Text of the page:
The Lord of the Rings Trilogy is a beautiful parable of the Christian life. After all, a dominant theme used in the New Testament to describe a life of following Jesus is that it is a journey which we must walk. In the words of Frodo, “I will take The Ring to Mordor, though I don’t know the way.” I recently re-watched the movies, and encourage you to do so as well. The first one is on Netflix!
For those of you who haven’t read the books or seen the movies, here is a very brief plot synopsis: Frodo has to take The Ring, which houses the powers of Evil, to Mt. Doom where it can be destroyed. Sam, his longtime friend, goes with him, even though Frodo encourages him to stay at home in the Shire.
One of the questions I regularly hear is this: “Do you believe you can lose your salvation?” Folks in church history have discussed this question under the headline of Perseverance; does faith always endure, remain, or abide? And, what happens if it doesn’t?
The imagery of the Lord of the Rings confirms what Reformed Tradition has long affirmed: true Christians cannot totally or finally fall away from grace, but will certainly persevere in their journey of faith until the end.
Frodo Needs to Persevere
One thing is clear in the Lord of the Rings: the Ring must be destroyed and Frodo must be the one to do it. It is a task appointed to him and nobody else; Frodo’s fate ultimately depends on this happening. There are only two possible outcomes: 1) Frodo destroys the Ring and, along with it, it’s forces and powers, or 2) The Ring and it’s legionaries will destroy Frodo. The severity here cannot be overstated; it is do or die.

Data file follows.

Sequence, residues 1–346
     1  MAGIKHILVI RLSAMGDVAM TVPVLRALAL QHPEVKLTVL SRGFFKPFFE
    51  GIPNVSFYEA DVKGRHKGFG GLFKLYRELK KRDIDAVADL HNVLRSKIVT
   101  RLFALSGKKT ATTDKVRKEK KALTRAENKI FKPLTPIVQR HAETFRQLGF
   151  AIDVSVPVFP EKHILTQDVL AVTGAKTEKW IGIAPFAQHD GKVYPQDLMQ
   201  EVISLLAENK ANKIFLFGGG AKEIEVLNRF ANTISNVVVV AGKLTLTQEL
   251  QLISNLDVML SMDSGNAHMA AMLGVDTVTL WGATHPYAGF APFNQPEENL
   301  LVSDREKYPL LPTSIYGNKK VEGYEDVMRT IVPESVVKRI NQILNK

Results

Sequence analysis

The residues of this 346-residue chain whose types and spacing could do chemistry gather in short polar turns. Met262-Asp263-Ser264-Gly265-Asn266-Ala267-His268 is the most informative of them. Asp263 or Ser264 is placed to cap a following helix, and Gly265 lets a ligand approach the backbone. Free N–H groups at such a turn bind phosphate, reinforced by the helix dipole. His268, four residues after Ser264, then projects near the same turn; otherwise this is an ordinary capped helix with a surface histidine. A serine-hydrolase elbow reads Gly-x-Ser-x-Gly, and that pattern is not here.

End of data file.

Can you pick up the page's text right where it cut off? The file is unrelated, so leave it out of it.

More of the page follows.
It is similar with following Jesus:
But the one who endures to the end will be saved. – Matthew 24:13
Now I would remind you, brothers, of the gospel I preached to you, which you received, in which you stand, and by which you are being saved, if you hold fast to the word I preached to you—unless you believed in vain. – 1 Corinthians 15:1–2
So Jesus said to the Jews who had believed him, “If you abide in my word, you are truly my disciples” – John 8:31
Just as Frodo needed to persevere in order to survive his journey, Christians must persevere in their faith if they are to be saved.
Gollum’s Spurious Faith
What about faith that doesn’t persevere? John Calvin described this as “spurious” or “phony/temporary” faith. Gollum is an example of this sort of “faith.” There is a good portion of the plot in which it seems like Gollum is aligned with Frodo and Sam against the powers of evil. However, when you notice Gollum’s real priority, his first-love, his real Master, it is still the Ring:
Gollum: We swears to serve the Master of the Precious. We will swear on — on the Precious!
Frodo: The Ring is treacherous. It will hold you to your word.
Gollum: Yes… on the Precious… on the Precious.
We see that, even in serving Frodo’s mission, it is still ultimately the Precious (his nickname for the ring) that commands his highest loyalty. If anything, Gollum is willing to use Frodo’s Journey as a means to get what he really wants: The Ring. In the end, Gollum betray’s Frodo and Sam on multiple occasions because the whole time he remained enslaved to The Ring. What appeared as conversion was really concealment. Gollum doesn’t persevere; he burns in Mt. Doom. He didn’t lose his faith; he never had it.
This is similar to many who “follow Jesus” but only for a short while. There may be the genuine appearance of faith, there may be participation in mission, but there is no conversion of the heart; there are no lasting roots. Perhaps they wanted to use the Church or use Jesus to serve some other Master – financial security, social acceptance, or feelings of self-importance.